REVIEW: Interrogating womanhood through performance art

Adriana Cuhna and Bulelwa Ndaba star in The Book of Shade, one of the performances shown on Thursday night. Photo: Robyn Kirk

Adriana Cuhna, right, and Bulelwa Ndaba, left, star in The Book of Shade, one of the performances in the Sex Actually Festival. Photo: Robyn Kirk

Just three actors in two full productions took to the stage earlier this evening to explore, illustrate and explain the various roles and identities of women in society.

As part of the Sex Actually Festival, a double bill of performances took place at the Wits Amphitheatre, featuring few actors and even fewer props. The first, The Book of Shade was created by, and starred, Adriana Cunha and Bulelwa Ndaba and directed by Tshego Khutsoane. The second King of Ghosts, was a one-man-show by Modisana Mabale.

Cuhna and Ndaba, in a relatively short piece, took the audience on a journey through the roles women play through their lives, and the relationships they share with one another.

From washing clothes in a tin basin, gossiping over another woman’s “looseness” with past lovers, exercise routines, and the reaction to sweet nothings whispered by a man on a date, the two talented actresses drew the audience in the familiar lives of everyday women.

The piece was devoid of dialog but the actresses conveyed the tensions of the lives of these women through movement that said more than words could.

The second performance of the night was Mabale’s King of Ghosts. Set in a graveyard, this piece tells the story of King Ubuntu and his struggle to rule his people and accept the heart of his gogo ancestor, in an allegorical play about patriarchy in African culture.

“child of my child, women rule with their hearts, men rule with their heads. I want you to use both.”

Mabale was a kinetic figure on stage, clad in simple black, moving ceaselessly, as he played a number of characters: King Ubuntu, the spirit of the king’s paternal grandmother, the soothsayer and the dutiful servant.

King of Ghosts saw a monarch’s struggle with accepting the heart given to him by the matriarchal character, and the weakness he believed this would cause. A clever allusion to the human condition was carried throughout the play in the form of the king’s advisor, Isintu (translated from Zulu as “humanity”).

The need of balance between the masculine and the feminine was at the heart of this play, summed up perfectly by the gogo as she beseeches Ubuntu to accept her heart as she utters the words “child of my child, women rule with their hearts, men rule with their heads. I want you to use both.”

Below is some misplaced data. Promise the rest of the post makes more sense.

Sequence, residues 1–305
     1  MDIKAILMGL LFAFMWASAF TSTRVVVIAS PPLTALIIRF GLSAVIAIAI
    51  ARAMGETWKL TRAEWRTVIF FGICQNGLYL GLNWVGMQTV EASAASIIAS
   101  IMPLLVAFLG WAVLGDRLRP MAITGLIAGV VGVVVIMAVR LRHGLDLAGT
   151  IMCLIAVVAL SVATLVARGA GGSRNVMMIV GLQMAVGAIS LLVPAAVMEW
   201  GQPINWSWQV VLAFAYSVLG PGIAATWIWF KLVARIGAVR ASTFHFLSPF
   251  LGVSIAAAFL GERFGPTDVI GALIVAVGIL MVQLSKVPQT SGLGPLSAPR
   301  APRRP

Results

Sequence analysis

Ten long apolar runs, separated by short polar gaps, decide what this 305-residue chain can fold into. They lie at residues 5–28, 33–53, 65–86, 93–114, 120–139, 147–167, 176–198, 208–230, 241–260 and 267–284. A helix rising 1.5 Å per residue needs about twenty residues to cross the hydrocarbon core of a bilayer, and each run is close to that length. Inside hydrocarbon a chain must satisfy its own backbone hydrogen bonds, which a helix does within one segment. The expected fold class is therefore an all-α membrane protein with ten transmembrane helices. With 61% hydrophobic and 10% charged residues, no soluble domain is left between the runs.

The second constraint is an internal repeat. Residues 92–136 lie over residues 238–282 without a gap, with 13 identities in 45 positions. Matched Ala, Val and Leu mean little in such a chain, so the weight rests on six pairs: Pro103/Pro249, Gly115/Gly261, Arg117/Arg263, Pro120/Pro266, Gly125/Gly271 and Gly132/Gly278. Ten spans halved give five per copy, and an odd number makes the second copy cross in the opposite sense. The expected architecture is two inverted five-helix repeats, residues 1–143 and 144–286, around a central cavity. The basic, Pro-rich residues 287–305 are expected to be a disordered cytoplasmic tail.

Both pieces focused strongly on the subject of womanhood, a necessary realm of thought in a festival that hopes to discuss ideas around sexuality.

The Sex Actually Festival runs until August 30, and the double bill of The Book of Shade and King of Ghosts will take place again on Saturday August 23 at 1.30pm in the Wits Amphitheatre.

Each one, teach one

CHARISMATIC CAREER DAY: Wits Speakers with some of the young matric students at the Charisma Ministries Career day. From the left: Katlego Gaborone, Thoriso Moseneke, Bulelwa Ndaba and Thato Rammekwa
Photo: Provided

 

FOUR Wits students were among nine guest speakers invited to speak at a matric students’ career day in Pretoria North two weeks ago.

Charisma Ministries hosted their fourth annual career day, which gave high school students the opportunity to identify their subject strengths and receive guidance on their career goals.

Thoriso Moseneke, 4th year BADA, who was part of the organising committee, said career days were important for matric learners, especially in townships, where learners did not usually have access to career workshops and guidance.

“Normally you are just told: ‘You’re in matric. Apply’. That’s it. But you are never exposed to career workshops which encourage you to apply for financial aid, scholarships and encourage learners that they have more than one option.”

[pullquote]”[I was impressed by] the dedication of the scholars” [/pullquote] The nine invited speakers represented a diverse range of career sectors such as Accounting, Engineering, Medicine, Journalism, Dramatic Arts and the Sciences. Each speaker was given 30 minutes to talk about their career and to take part in question and answer sessions with the learners.

This year, Moseneke said she encouraged the organising committee to invite speakers who were recent graduates or speakers who were about to graduate.

“I wanted young people, who just recently graduated or were about to graduate. I felt it was important to have young people because the learners could relate a bit more.”

Bulelwa Ndaba, 4th year BADA, who started her first year at Wits as a BComm student, said it was important for her to be involved as a speaker at the career day, as she felt many matric learners made mistakes when choosing their careers.

“I got so scared [when choosing a career] to do what I wanted to do, so I opted to do something I didn’t want to do, just for the money, and I was unhappy.”  She said she wished more interactive career days were hosted for matric students nationally.

Katlego Gaborone, 5th year Medical Sciences, said he was humbled by the learners’ commitment to gain career guidance.”[I was impressed by] the dedication of the scholars and how they pitched up on a cold, wet and rainy Saturday morning.”  He said he was honoured to be among the speakers able to impart so much knowledge to the learners.

Thato Rammekwa, a Wits Mining Engineering graduate, said it was inspiring to see the learners willing to take action towards achieving their career ambitions. After the fair, Moseneke said the learners were more motivated and felt that each speaker had given them hope, despite not necessarily being A+ students.